But this unfortunately is not the end. He has still friends in Natal, white friends, who think that not nearly enough has been done for him. A great many more wives ought to be allowed to join him, or the promise made to him will not have been kept. He is languishing for his wives, and all should be sent who would be willing to go. I saw one of them very ill, -dying I was told because of her troubles, and half a dozen others, all of them provided with food gratis, but in great tribulation, so it was said, because of this cruel separation. The Government surely should send him three or four more wives, seeing that to a man who has had seventy less than half a dozen must be almost worse than none. But his friends are not content with asking for this further grace, but think also that the time has come for forgiveness and that Langalibalele should be restored to his own country. He has still fame as a rain-maker and Cetywayo the Zulu
King would be delighted to have him in Zulu-land. The prayer is much the same as that which is continually being put forward for the pardon of the Fenians. I myself in such matters am loyal, but, I fear, hard-hearted. I should prefer that Langalibalele should be left to his punishment, thinking that would-be rebels, whether Zulu or Irish, will be best kept quiet by rigid adherence to a legal sentence. Such is the story of Langalibalele as I heard it.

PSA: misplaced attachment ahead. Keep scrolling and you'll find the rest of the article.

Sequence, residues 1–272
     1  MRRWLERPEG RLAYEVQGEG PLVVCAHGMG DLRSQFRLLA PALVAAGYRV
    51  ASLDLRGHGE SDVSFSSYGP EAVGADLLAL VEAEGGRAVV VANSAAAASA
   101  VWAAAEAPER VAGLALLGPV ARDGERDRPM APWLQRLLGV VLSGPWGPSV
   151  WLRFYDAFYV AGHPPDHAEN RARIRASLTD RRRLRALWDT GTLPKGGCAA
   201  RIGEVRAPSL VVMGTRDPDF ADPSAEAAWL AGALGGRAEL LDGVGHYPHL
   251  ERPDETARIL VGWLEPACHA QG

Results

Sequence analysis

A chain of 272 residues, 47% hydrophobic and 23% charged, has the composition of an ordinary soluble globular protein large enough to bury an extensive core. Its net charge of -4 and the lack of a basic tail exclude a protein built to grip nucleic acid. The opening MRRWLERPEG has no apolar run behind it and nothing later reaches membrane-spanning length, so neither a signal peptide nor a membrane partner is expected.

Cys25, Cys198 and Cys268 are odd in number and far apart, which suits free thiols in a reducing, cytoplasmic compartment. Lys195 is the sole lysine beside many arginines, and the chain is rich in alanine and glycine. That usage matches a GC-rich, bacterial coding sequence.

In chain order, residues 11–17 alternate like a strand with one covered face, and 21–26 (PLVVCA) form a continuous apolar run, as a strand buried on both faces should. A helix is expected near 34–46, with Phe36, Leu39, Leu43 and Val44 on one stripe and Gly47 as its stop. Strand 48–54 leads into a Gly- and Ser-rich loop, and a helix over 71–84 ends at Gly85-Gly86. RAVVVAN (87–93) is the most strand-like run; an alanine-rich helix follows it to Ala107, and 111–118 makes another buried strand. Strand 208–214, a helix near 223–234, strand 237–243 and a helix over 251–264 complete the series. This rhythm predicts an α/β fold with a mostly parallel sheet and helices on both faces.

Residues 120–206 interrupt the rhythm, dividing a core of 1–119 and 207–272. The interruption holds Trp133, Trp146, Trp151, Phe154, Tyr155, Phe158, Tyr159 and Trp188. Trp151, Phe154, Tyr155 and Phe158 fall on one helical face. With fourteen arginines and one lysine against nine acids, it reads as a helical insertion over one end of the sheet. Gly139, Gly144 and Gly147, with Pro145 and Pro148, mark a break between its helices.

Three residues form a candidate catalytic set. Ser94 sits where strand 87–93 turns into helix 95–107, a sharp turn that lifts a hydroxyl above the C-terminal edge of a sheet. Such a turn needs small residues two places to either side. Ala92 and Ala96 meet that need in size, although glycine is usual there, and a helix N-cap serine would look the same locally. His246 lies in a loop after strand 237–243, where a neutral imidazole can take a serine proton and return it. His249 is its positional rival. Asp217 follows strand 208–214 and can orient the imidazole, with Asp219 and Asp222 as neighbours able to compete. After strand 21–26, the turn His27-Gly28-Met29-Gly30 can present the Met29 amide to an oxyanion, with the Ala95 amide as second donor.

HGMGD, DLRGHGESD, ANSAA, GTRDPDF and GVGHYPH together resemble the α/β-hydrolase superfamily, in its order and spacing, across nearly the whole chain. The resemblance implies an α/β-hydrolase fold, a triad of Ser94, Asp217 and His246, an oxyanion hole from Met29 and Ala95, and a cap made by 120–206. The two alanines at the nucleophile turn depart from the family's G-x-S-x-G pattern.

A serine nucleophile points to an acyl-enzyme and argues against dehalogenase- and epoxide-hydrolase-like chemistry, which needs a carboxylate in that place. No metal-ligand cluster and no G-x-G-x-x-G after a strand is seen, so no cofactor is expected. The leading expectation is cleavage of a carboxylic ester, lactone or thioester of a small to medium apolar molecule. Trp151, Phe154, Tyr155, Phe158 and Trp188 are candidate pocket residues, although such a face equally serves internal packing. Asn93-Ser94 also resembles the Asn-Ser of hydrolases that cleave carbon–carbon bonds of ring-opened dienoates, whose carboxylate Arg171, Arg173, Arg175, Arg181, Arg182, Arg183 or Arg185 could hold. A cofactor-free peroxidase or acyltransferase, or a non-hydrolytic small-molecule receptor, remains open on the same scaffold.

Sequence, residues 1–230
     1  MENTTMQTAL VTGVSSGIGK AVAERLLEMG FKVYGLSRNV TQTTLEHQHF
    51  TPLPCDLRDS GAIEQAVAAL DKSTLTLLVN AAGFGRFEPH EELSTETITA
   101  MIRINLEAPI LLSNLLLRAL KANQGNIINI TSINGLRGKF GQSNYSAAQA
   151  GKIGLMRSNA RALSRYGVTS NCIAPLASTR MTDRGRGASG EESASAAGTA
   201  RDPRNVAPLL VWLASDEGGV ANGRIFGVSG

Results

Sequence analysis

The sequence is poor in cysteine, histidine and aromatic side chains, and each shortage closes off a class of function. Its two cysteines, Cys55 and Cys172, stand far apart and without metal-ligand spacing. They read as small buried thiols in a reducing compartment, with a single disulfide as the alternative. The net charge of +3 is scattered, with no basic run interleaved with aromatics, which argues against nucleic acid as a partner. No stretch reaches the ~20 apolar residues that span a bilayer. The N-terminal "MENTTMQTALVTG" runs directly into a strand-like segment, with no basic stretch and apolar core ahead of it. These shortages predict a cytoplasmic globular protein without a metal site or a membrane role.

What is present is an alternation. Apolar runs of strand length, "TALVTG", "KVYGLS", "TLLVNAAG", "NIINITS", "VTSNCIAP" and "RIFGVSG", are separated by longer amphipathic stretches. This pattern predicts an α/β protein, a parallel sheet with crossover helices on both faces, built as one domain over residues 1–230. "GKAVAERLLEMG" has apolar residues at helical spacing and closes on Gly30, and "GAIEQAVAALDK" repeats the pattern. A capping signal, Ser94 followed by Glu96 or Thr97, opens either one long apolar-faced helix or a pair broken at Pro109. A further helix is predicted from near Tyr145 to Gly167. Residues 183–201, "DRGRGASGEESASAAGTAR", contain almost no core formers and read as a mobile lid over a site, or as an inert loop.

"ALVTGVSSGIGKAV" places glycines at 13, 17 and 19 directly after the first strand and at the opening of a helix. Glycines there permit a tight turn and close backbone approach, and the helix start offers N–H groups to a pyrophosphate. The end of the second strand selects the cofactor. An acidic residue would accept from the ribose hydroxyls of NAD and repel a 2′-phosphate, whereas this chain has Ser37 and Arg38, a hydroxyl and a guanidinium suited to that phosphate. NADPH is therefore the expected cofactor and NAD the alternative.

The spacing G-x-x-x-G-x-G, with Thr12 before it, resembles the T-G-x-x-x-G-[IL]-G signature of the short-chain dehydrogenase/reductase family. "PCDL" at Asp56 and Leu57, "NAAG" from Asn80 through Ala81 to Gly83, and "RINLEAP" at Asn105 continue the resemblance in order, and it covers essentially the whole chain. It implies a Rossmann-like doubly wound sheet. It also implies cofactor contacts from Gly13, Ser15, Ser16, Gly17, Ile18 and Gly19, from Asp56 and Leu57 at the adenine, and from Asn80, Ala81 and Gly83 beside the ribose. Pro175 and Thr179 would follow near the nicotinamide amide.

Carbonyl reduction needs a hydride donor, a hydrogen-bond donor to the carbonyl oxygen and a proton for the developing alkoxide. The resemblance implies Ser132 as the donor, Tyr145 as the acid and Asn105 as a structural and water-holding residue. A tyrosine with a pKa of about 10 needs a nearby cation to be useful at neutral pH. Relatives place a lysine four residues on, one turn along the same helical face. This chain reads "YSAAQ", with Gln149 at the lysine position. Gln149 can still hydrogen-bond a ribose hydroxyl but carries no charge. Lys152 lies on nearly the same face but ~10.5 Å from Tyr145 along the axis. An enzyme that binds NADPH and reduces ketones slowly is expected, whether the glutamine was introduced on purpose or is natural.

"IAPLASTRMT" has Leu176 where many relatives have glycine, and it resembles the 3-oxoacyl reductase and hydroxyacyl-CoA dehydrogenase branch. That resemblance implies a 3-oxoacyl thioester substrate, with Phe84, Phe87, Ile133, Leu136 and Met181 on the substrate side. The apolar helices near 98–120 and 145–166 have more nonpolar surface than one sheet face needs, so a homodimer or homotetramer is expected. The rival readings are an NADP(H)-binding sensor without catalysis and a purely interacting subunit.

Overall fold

On my return to Capetown I visited the captured Chieftain at his farm house on the flats five or six miles from the city, having obtained an order to that effect from the office of the Secretary for Native Affairs. I found a stalwart man, represented to be 65 years of age, but looking much younger, in whose appearance one was able to recognise something of the Chieftain. He had with him three wives, a grown-up son, and a nephew; besides a child who has been born to him since he has been in the Cape Colony. The nephew could talk a little English, and acted as interpreter between us.
The prisoner himself was very silent, hardly saying a word in answer to the questions put to him,—except that he should like to see his children in Natal. The two young men were talkative enough, and did not scruple to ask for sixpence each when we departed. I and a friend who was with me extended our liberality to half a crown a piece,-with which they expressed themselves much delighted.
PIETER MARITZBURG TO NEWCASTLE.